Friday, February 14, 2014

An Interview with...Kourtney Robinson

Once a week I post interviews with interesting people about their insights on their experience of working in the Knitting industry.  I’ve noticed that every one of these individuals makes their living in a slightly different manner bringing their own unique presence to the Knitting world.

You can find Kourtney here and here on Ravelry.

Where do you find inspiration?
I find inspiration everywhere. It’s hard to avoid; I love colours and textures and how they interact together. Some of my favorite designs have been inspired by mathematical theories, my favorite books, my children, and specific yarns. I keep notebooks with ideas in varying stages in them; some designs come together almost instantly, and some have spent years on and off the drawing board.

What is your favourite knitting technique?
My favorite knitting technique depends on the day and the project in my hands. I really enjoy stranded colourwork, but I also adore adding beads to knitting. And I like lace. And cables are really cool… but then, garter stitch is so plush and amazing… and…  Really, it’s probably shorter to list the knitting techniques I don’t enjoy: I’m not much for entrelac. And I don’t like toe-up socks very much as I have a very high arch.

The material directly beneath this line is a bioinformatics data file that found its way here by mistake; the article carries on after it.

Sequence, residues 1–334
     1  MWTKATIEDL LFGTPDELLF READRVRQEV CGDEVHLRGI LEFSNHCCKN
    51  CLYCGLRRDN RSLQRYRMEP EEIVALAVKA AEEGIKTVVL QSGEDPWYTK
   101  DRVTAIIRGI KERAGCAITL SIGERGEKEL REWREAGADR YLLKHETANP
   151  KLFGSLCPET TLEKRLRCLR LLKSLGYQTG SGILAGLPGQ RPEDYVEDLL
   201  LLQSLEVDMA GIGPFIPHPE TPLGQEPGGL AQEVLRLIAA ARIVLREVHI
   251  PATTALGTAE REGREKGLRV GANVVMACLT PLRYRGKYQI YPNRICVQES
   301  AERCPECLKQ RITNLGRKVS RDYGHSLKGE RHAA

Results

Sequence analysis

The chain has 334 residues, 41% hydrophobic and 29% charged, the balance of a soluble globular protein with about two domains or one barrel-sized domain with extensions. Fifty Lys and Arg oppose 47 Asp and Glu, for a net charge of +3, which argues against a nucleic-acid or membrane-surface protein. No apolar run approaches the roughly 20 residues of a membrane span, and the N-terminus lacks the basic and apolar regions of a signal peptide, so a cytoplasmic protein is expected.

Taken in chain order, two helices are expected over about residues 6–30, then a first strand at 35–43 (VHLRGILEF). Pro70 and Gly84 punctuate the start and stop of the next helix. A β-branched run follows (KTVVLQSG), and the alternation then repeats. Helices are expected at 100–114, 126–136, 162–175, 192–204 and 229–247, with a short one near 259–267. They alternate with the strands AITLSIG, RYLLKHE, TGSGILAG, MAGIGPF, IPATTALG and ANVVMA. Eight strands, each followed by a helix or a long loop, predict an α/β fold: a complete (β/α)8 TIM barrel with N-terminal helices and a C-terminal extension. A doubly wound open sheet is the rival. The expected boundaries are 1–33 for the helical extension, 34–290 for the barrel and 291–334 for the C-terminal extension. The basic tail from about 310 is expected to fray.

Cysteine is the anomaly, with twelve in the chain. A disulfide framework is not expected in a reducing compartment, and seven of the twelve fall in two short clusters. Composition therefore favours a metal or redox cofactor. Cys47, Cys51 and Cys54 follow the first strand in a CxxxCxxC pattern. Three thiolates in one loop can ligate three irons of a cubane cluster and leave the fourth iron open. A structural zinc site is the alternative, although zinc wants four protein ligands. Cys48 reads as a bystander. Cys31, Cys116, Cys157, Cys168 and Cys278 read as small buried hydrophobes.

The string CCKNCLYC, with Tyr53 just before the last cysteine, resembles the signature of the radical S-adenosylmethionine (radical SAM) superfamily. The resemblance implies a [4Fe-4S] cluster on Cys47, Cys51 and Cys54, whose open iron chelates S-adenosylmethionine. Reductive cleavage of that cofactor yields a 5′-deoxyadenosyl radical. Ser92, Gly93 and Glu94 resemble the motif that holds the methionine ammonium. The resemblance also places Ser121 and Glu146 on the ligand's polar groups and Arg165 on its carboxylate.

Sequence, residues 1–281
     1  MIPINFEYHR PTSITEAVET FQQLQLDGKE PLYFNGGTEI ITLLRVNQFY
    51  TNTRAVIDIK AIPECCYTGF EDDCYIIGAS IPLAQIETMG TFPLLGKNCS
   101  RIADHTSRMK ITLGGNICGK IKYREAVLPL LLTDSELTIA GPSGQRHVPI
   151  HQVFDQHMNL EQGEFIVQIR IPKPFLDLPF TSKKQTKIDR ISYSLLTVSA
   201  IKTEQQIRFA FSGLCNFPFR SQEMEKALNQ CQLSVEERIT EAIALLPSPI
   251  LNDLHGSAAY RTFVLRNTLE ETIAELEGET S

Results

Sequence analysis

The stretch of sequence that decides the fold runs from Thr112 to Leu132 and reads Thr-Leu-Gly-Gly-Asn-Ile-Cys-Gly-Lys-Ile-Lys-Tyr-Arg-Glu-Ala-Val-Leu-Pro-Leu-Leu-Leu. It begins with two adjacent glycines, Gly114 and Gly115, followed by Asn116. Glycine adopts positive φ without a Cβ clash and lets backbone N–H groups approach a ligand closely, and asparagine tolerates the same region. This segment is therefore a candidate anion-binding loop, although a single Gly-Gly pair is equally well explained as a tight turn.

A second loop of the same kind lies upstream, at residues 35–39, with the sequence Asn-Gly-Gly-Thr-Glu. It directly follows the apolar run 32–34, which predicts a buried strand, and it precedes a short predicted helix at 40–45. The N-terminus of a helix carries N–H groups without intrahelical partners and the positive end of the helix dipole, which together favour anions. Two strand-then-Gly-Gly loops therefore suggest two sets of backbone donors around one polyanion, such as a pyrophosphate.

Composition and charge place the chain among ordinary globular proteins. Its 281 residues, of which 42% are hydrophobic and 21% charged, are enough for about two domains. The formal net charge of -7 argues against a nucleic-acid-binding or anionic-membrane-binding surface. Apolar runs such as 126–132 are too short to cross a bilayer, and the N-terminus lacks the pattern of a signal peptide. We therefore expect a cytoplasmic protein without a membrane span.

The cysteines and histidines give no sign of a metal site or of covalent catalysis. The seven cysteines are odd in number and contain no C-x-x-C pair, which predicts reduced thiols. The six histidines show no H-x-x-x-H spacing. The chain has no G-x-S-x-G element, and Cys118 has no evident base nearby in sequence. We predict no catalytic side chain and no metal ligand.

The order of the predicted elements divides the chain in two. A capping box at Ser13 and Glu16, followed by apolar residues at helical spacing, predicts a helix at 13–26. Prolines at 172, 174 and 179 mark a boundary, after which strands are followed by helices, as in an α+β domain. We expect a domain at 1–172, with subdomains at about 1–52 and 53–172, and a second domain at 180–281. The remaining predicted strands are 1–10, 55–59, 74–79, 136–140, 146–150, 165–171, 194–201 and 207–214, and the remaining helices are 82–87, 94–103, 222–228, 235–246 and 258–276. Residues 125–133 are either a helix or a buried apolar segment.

Do you look at other designers' work or are you afraid that you will be influenced by their designs?
I actually spend a lot of time looking at other’s designs! I don’t think it’s possible to exist in a vacuum, and in all honesty – my knitting and designing time is so limited that before I go about putting an idea into production to become a finished design, I do a pretty thorough hunt to make sure that someone else hasn’t designed it first. If they have, they’ve saved me the trouble! I take a lot of pride in the patterns I publish, and I feel that they all reflect my unique style in one way or another.

How do you feel about the so called controversy of "dumbing down" patterns for knitters?
I don’t think it needs to be a controversy. I try to write very accessible patterns, that are easy for all skill-levels to approach. (As an example, almost all of my patterns with charts offer written instructions as well.) My opinion is that if you are a very accomplished knitter, you can skip over the extra details; if you aren’t, the extra bits of detail are going to increase your pleasure in the project and your overall success.

How many sample/test knitters do you have working for you or do you do it all yourself?
This has changed over the course of my career. I currently work closely with one other knitter – I call her my “tech knitter”; she does sample knitting and tech editing, sort of all rolled up into one. She has a very methodical approach and is quite opinionated, which I delight in! Most projects have been knit several times by me, before I send them to her for another final knit and proofread. I do pay her for the knitting she does, and I provide the yarn and finished pattern, and she gives me the knitted sample.